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Why is Taking Action Hard? | Scott H Young

Confidence

Confidence
Motivation and expectation of success create a feedback loop:
  • Your motivation to complete a task depends on the value of the reward and your expectation of success. 
  • Your expectation of success depends on your motivation.

If your projects tend to fail, your expectations are low, and motivation fades. If your projects tend to succeed, your expectations go up, and motivation stays strong.

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Why is Taking Action Hard? | Scott H Young

Why is Taking Action Hard? | Scott H Young

https://www.scotthyoung.com/blog/2019/12/16/why-is-action-hard/

scotthyoung.com

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Key Ideas

Taking action = eventual success

Inaction is the biggest cause of our failures and our miseries. If we could consistently do the things we know we should do, we would be more successful, and our lives would be better. Yet we struggle to take action.

Explaining inaction

Some possible but weak reasons why action is hard:

  • Talent. But the world is full of brilliant stars that flame out and mediocre minds that build empires.
  • Preferences can explain our failure to try, but don't explain our inner struggles with inaction.
  • Capacity for effort. If your capacity for doing things is lower, it does not explain chronic bursts of activity with inevitable crashes in your goals and projects.
  • Motivation. Some people with the most reason have the hardest time taking action. 

Social-Desirability Bias

Our conscious mind may be functioning more by making reasonable-sounding explanations for its behavior rather than actually making decisions.

This means that we fail because the unconscious parts of our mind have decided not to take action. You might be convincing yourself that you want to pursue a goal when your unconscious mind is not committed to it.

Daydreams and Reality

We have two characteristic modes of viewing things—an abstract (or far-mode) and a concrete (or near-mode) view.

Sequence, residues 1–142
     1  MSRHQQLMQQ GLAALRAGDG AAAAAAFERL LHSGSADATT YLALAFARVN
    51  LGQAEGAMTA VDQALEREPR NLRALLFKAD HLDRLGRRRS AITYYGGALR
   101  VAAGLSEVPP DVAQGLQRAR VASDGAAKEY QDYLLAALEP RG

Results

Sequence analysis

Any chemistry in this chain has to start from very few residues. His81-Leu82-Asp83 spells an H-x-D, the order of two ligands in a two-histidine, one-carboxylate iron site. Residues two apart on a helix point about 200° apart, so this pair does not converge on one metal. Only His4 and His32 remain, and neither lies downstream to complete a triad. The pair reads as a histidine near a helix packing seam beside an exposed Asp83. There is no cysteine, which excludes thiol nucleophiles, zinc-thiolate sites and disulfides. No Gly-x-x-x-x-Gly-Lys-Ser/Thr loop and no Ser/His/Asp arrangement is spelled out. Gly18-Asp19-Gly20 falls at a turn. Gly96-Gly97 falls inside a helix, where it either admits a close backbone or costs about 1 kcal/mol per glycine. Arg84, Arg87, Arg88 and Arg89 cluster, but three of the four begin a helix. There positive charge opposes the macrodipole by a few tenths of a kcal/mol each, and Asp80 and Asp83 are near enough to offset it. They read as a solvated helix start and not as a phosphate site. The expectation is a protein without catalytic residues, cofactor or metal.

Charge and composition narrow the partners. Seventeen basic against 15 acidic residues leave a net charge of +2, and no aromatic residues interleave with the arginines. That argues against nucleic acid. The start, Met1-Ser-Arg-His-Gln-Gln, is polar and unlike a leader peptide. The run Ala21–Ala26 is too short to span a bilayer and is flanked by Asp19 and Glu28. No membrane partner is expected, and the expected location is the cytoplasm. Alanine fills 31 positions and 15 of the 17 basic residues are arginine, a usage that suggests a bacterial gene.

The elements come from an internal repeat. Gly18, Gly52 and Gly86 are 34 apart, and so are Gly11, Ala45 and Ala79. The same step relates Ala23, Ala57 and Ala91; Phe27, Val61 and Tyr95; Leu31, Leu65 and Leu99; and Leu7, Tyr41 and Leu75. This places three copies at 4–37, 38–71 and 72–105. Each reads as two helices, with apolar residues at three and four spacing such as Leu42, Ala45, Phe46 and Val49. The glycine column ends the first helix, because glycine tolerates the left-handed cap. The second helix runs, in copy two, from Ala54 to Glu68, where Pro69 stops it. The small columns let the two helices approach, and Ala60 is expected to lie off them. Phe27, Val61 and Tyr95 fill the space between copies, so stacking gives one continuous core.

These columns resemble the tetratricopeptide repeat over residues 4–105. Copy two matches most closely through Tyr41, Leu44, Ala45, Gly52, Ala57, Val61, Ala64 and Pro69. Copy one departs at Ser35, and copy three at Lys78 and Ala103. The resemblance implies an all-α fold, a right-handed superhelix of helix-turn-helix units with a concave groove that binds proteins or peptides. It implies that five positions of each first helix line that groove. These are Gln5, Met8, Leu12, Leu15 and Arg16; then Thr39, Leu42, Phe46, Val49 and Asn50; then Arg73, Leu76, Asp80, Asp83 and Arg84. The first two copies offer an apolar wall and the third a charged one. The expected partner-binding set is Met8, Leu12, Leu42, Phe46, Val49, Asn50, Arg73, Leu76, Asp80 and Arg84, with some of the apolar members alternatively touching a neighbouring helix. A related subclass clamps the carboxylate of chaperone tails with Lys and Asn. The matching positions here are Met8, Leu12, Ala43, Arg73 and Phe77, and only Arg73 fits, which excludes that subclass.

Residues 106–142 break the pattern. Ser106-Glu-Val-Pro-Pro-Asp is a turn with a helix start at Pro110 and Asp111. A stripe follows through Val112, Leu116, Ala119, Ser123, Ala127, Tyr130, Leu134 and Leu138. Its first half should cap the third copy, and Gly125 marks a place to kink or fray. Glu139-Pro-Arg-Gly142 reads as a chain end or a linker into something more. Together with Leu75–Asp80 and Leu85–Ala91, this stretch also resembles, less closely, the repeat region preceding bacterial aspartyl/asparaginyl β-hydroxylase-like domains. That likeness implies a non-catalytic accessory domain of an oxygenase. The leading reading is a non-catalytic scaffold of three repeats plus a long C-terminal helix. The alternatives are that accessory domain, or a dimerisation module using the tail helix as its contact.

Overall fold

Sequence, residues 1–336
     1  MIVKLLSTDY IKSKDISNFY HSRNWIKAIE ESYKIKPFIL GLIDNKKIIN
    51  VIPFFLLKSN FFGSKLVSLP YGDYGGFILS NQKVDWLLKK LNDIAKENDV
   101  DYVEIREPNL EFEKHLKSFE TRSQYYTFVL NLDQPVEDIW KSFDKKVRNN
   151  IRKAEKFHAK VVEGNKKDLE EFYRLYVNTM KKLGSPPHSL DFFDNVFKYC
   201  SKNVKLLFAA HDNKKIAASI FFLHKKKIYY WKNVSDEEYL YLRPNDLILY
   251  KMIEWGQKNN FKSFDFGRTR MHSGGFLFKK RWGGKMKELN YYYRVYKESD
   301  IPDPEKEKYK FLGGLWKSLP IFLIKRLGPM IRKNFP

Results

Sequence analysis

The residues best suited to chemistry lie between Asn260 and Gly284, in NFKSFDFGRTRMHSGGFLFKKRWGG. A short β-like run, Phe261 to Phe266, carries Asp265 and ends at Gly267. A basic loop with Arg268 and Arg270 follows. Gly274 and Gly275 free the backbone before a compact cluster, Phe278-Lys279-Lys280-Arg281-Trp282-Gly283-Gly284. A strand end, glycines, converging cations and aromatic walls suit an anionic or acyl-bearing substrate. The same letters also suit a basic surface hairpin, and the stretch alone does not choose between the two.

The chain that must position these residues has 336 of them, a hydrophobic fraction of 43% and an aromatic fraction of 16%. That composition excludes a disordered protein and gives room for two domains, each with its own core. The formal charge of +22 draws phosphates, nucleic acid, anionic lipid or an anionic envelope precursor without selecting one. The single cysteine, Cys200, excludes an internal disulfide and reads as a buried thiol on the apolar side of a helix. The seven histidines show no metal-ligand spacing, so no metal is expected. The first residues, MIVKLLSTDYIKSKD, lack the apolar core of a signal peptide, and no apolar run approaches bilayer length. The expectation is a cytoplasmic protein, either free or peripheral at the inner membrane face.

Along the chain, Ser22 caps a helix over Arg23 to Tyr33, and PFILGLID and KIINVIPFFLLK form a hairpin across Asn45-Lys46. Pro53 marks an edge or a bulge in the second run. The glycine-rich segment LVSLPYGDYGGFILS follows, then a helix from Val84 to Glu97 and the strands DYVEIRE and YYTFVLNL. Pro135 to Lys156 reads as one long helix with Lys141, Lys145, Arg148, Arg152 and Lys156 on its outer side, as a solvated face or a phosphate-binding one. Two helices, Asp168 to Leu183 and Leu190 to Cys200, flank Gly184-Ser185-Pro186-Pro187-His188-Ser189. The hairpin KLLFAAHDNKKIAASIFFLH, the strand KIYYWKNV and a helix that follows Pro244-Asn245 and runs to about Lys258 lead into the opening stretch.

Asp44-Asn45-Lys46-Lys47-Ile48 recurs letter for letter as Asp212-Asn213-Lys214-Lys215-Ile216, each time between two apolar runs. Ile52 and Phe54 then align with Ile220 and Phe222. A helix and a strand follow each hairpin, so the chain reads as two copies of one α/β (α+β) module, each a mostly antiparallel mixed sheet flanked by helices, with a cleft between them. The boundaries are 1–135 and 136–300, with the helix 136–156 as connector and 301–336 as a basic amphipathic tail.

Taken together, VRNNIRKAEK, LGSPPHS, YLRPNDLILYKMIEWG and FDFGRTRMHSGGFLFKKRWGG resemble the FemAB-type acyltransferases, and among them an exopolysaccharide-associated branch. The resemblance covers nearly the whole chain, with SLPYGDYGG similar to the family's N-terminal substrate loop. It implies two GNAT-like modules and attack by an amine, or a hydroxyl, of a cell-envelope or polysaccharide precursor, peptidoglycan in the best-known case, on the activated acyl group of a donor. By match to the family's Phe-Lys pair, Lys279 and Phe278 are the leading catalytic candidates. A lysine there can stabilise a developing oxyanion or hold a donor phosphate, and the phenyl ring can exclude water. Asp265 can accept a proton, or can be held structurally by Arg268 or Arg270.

Because of the two modes, many big goals have a far-near incompatibility that can make it difficult to take action on. The person who dreams up the goal is different from the one who executes it.

Sticking Your Neck Out

Our nature may be to view the cost-benefits of taking actions and be willing to retreat to conformity instead of getting punished.

Some ventures into different kinds of actions are discouraged if they don't yield big rewards. It may explain inaction to start your own business, but a strong expectation to show up on time to work.

We're Short-Sighted

Procrastination may be a delaying tactic to avoid wasting energy here and now, even if you think you might work harder later on.

Get Better at Taking Action

Traditional approaches often focus on human will alone. But, our minds are complicated things, with many conscious and unconscious control mechanisms.

To take action, we need to not only have new inputs to turn us in the right direction, but also the ability to keep headed in the chosen direction.

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Mark Twain

“It ain’t what you know that gets you into trouble. It’s what you know for sure that just ain’t so.”

Mark Twain
The most useful learning
Most people think about learning as adding knowledge and skills. You now have a new fact in your mind that didn’t exist before.

The most useful learning isn’t usually a strict addition of new knowledge, but first unlearning something false or unhelpful.

Types of Unlearning
  • Straightforward refutation of the old idea. This complete refutation is atypical. More likely the new knowledge doesn’t contradict the old one, but it may modify it in some way.
  • The new knowledge revises a simpler picture by filling it with more complex details. This is similar to adding new knowledge, although because the older, simpler view of the issue has been overwritten with more detail, there is some unlearning going on.

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